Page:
A God or an Other tiptoe a fine, contentious line within their genre. There’s something about black metal that draws from diverse interests such as doom, post-rock, hardcore, shoegaze and neofolk that puts purists on edge. Since the release of Towers of Silence, A God or an Other have been frequently pigeonholed into boxes such as “Cascadian metal” and, god forbid, “hipster metal”. Their harshest critics assume that anything other than Christ-hating, limp-fisted, red-faced hatred cannot be considered “true” black metal, and that A God or an Other should be written off as a trendy flight of fancy.
Let’s be honest: this “no mosh, no core, no fun” mentality has become seriously stale. Furthermore, to concede that all metal that sounds vaguely organic or spiritual must come from the same area of the country is nothing more than farce. While A God or an Other do hail from the Pacific Northwest, they are far more than some tree-hugging, sage-burning bohemians. There is nothing here that would ever evoke Hunter Hunt-Hendrix’s pontification. This is a band that has spun a masterpiece out of influences so diverse they shouldn’t even work together. Towers of Silence is a monolith of numinous black metal, one which has every right to blow the faces off its naysayers.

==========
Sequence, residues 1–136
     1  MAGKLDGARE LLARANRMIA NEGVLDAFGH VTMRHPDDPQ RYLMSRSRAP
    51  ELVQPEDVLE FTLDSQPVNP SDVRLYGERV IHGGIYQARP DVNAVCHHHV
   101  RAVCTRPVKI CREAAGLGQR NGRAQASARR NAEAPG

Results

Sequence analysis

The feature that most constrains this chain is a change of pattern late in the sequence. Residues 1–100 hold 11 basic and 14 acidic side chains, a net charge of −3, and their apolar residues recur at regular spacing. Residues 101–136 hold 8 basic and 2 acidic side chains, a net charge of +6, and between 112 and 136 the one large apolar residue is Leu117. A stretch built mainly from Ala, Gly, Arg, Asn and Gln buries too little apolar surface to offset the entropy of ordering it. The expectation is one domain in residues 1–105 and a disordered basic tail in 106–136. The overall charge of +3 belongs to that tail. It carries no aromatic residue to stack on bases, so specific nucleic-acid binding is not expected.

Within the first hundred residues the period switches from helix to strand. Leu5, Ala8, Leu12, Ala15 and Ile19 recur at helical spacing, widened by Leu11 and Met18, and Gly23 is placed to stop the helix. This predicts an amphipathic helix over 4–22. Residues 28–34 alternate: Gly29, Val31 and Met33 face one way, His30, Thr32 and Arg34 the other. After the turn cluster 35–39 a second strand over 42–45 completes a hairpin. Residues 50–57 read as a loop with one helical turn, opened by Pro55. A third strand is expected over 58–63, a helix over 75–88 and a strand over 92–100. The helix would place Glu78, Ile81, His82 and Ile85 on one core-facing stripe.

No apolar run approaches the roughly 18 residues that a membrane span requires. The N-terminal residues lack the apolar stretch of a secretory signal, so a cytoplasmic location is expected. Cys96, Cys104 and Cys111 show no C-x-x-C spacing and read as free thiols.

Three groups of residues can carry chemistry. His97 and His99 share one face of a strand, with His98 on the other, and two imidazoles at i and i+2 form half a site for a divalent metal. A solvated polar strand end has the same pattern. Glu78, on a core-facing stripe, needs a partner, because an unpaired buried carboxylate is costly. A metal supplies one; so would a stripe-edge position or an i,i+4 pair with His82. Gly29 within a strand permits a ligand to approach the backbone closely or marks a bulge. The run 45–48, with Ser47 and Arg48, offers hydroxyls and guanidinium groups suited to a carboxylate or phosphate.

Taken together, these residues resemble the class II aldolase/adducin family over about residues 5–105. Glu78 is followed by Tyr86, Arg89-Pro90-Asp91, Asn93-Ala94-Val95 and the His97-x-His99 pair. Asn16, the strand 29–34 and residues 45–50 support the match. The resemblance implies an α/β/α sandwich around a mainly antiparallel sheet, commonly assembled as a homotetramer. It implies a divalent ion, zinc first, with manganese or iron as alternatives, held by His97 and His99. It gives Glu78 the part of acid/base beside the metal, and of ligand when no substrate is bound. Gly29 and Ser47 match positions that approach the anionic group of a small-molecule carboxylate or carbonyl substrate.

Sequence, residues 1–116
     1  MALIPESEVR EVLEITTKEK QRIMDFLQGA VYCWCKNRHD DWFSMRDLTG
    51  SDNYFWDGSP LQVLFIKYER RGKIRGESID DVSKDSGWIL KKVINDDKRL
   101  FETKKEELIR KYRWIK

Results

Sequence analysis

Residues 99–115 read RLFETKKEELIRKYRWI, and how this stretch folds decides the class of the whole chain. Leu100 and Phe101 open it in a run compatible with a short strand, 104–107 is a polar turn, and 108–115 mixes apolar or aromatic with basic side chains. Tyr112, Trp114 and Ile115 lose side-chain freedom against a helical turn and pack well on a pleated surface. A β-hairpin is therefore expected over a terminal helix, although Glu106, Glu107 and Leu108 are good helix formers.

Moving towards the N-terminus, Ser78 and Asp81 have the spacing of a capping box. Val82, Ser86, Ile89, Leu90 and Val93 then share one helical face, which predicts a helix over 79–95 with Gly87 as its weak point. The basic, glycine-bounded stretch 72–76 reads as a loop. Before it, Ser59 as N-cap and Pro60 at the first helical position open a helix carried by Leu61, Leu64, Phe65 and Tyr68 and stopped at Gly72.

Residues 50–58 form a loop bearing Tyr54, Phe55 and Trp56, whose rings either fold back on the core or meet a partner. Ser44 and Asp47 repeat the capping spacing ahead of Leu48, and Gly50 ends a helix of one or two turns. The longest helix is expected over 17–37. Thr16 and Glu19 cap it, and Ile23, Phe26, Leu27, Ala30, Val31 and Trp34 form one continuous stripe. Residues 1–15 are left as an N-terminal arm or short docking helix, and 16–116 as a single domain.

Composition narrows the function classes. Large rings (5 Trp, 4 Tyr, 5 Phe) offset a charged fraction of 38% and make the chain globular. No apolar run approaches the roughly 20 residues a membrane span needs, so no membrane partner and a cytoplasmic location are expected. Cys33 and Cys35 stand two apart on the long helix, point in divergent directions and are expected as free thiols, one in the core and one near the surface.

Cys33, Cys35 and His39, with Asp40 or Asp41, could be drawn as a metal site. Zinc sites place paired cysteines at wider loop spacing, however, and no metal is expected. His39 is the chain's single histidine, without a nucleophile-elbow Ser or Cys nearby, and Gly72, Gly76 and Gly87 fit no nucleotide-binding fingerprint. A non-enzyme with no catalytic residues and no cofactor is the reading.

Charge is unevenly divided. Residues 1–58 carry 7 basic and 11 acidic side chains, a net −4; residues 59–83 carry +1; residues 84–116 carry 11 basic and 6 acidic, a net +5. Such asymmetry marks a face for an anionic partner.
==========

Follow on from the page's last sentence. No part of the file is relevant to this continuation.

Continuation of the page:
So what is it that makes A God or an Other controversial? Is it their fearlessness in the face of the dreaded major chord? Or their riffs that, while intense, feel like a cleansing rain instead of a murky slough? The first sign that this album is something special comes from the muted trumpet solo that wafts in halfway through album opener “Synesthesia”. A God or an Other, like Taake before them with their out-of-nowhere banjo solo, have thrown a completely atypical instrument into a sprawling metal track, and against all odds it works beautifully.
As the album progresses, A God or an Other continue to weave their influences together with a deft hand. Gentle major-scale arpeggios on “Defiled Ossuary” radiate warmth, while bracing doom progressions lay on like a cleansing siege in “…and All the World a Great Stained Altar Stone”. Thick, hardcore- and doom-influenced chords drop like someone letting go of an armful of bricks. There are shades of Agalloch on album closer “Agate Passage”, while “Unbroken Reign of Glacial Death” heaps on harrowing, Leviathan-esque malcontent and “Xibalba” builds to a crisp tremolo storm over skittering hailstone drums.
While many aspects of Towers are soaring and ambitious, it is still raw, powerful black metal at its core. There is some muscular, gravelly bass holding this record down, and the vocals are a pure archetypal black metal rasp, like a strange, withered creature crying out in a dark cave. Like much black metal, this is a wintry-sounding album, but not necessarily a cold, lifeless one: think thawing your snow-chapped face by a fire, not dying in a blizzard. Fittingly, as the days begin to get darker and colder, A God or an Other have quite a few local shows coming up, so keep an eye out for their signature fortress of fog machines and live visuals on a local stage. Or check them out here: www.agodoranother.bandcamp.com